Some doubts about Hawkeye

AFTER having watched the England-South Africa Test series I am again left wondering as to the accuracy of Hawkeye, the computer system Sky television and others are using to adjudicate on LBWs and other decisions.

BOB SIMPSON

AFTER having watched the England-South Africa Test series I am again left wondering as to the accuracy of Hawkeye, the computer system Sky television and others are using to adjudicate on LBWs and other decisions.

It seems that commentator David Lloyd, too, doesn't subscribe to all of Hawkeye's decisions. -- Pic. ALEX LIVESEY/GETTY IMAGES-

While I am not opposed to the use of technology to assist umpires and it has been a great help in deciding run outs and stumpings, I am less certain in the accuracy with other decisions, particularly LBWs.

And after viewing The Oval Test I was left with the impression that commentators David Lloyd and Ian Botham felt the same way.

In separate LBW appeals, Lloyd, not only a Test batsman, but also a first class umpire, offered the view that a certain LBW appeal was not out as the ball was missing the leg stump.

Botham did the same later in the match and I agreed with their opinions.

On both occasions the umpires also agreed, but Hawkeye suggested the balls would have hit the stumps.

Interestingly, neither commentator mentioned a word about Hawkeye's decision.

This surprised me for neither of them are short of a word or three hundred and their silence left me with the feeling that they didn't want to criticise one of their channel's much publicised innovations.

I have been left wondering for some time now about Hawkeye and other similar systems. My major concern lies with angles and bounce.

In both of the appeals mentioned above the angle was the key.

In both appeals the commentators and I felt that the angle from the bowler's arm would have made the ball miss the leg stump quite comfortably.

But Hawkeye said no, and I was left wondering whether Hawkeye just judges angles from the time the ball hits the pitch and doesn't take into consideration what it does in the air before that.

Bounce or height, whatever you like to call it, is another area which, I feel, offers grave doubt.

The vagrancies of a turf pitch pose one of the great challenges for batsmen. Balls can deviate off line due to seam or just the unevenness of the surface.

This can be sideways or up and down. Height or bounce can vary almost from inch to inch depending on the unevenness of the surface, the hardness or softness, grass or lack of it and simply wear and tear.

Balls can explode off the surface in worn areas or deviate up or down or sideways due to the indentation caused by balls landing on the pitch.

Fortunately, deviations do not happen every ball, but they are inevitable, particularly with regard to height.

Marcus Trescothick is more intent on hitting boundaries than rotating the strike. This was the reason why his Oval 219 was the first three-figure knock in his last 24 Test innings. — Pic. CLIVE ROSE/GETTY IMAGES-

This is very obvious from the thousands upon thousands of replays I have seen in recent times.

Without understanding the intricacies of these computer systems, but knowing a little about cricket and the vagrancies of 22 yards of turf, I am left in doubt about whether Hawkeye operates on a common factor of height or whether it is able to take in every single inch of the pitch and base its height factor on that.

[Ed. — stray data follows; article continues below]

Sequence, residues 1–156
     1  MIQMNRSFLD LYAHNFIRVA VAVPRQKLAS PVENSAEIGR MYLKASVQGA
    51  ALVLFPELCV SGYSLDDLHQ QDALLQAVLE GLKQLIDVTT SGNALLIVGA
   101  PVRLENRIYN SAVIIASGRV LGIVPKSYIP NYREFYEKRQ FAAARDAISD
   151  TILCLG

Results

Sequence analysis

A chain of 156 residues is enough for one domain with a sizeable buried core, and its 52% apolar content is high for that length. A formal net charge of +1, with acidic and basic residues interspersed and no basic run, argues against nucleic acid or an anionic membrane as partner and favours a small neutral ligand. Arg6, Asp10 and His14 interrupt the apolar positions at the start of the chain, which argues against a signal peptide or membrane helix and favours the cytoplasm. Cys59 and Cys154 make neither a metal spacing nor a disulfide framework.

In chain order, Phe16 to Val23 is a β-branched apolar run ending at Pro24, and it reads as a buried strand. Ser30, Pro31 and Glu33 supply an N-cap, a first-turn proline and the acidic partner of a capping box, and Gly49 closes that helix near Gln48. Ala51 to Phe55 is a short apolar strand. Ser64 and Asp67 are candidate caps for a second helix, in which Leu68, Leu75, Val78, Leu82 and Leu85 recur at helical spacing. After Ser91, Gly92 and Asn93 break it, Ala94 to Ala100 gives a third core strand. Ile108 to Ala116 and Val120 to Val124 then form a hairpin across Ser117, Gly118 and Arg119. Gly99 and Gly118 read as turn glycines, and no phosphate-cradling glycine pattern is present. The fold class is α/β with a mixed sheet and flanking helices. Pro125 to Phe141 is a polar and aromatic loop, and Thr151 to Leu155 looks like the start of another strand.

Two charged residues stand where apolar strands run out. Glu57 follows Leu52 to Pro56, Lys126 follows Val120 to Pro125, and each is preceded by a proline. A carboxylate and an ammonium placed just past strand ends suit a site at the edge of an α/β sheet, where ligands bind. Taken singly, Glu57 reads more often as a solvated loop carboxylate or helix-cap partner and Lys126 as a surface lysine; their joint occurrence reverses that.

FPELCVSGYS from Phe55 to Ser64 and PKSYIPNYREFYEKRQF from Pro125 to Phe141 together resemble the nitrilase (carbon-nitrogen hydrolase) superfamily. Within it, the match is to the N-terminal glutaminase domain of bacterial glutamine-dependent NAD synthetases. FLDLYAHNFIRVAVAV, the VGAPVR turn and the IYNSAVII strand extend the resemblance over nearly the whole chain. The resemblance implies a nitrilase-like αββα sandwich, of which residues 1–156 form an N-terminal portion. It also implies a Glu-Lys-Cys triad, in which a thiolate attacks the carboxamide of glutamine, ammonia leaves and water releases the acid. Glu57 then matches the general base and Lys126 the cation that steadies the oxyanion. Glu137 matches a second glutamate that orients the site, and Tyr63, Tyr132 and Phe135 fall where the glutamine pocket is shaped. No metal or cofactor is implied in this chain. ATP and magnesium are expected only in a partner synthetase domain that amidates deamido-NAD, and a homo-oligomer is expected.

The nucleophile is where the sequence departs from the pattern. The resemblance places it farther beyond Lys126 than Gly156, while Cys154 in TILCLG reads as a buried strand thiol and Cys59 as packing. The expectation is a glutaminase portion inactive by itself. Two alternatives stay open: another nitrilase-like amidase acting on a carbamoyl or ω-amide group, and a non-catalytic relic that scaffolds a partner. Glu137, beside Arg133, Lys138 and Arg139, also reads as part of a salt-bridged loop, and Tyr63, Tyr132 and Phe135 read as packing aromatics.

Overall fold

The other factor which worries me is distance in front of the crease when the batsman is hit on the pads while playing forward.

Obviously, if the ball seams before it hits the pad the angle will widen, to the extent of even missing the stumps, the further the batsman reaches forward.

Once again I have doubts as to whether Hawkeye reads this correctly.

What all this discussion illustrates clearly is how difficult umpiring is and generally what a good job a top umpire does.

Marcus Trescothick's wonderful 219 in The Oval Test clearly illustrates the changing pattern of run-scoring in the modern game.

There is a huge emphasis in the modern game, particularly in England, to play the big shots. Fours and sixes to the detriment of ones, twos and threes.

In thinking about this I am reminded of the old saying, `If you concentrate on picking up the pennies the pounds will look after themselves.'

At The Oval Trescothick batted 9 � plus hours and hit over 30 fours. This means he scored well over half of his runs in boundaries.

It also means that he played a lot of dot balls and didn't rotate the strike enough and missed too many opportunities to pick up extra runs.

As a coach I was obviously interested in the fours but more concerned with dot balls.

The more dot balls bowled the more opportunities it gave for bowlers to put pressure and the more opportunities missed to build a bigger score.

Inevitably, it also means that the batsman has to take more chances, often attempting and sometimes succeeding with shots that contain a high risk of getting out.

It probably also illustrates why it was only Trescothick's first Test century in his last 24 innings.

Undoubtedly, one of the major ingredients in being a successful opener is strike rotation.

Bill Lawry and I worked out very early in our career that the best place to be in against the new ball was at the bowler's end. It worked well for us and was obviously the cornerstone on which we built any success that came our way.

Trescothick is a very gifted hitter of the ball. If he learns more about manoeuvring the good ball about he will make run-getting easier for himself and his partner.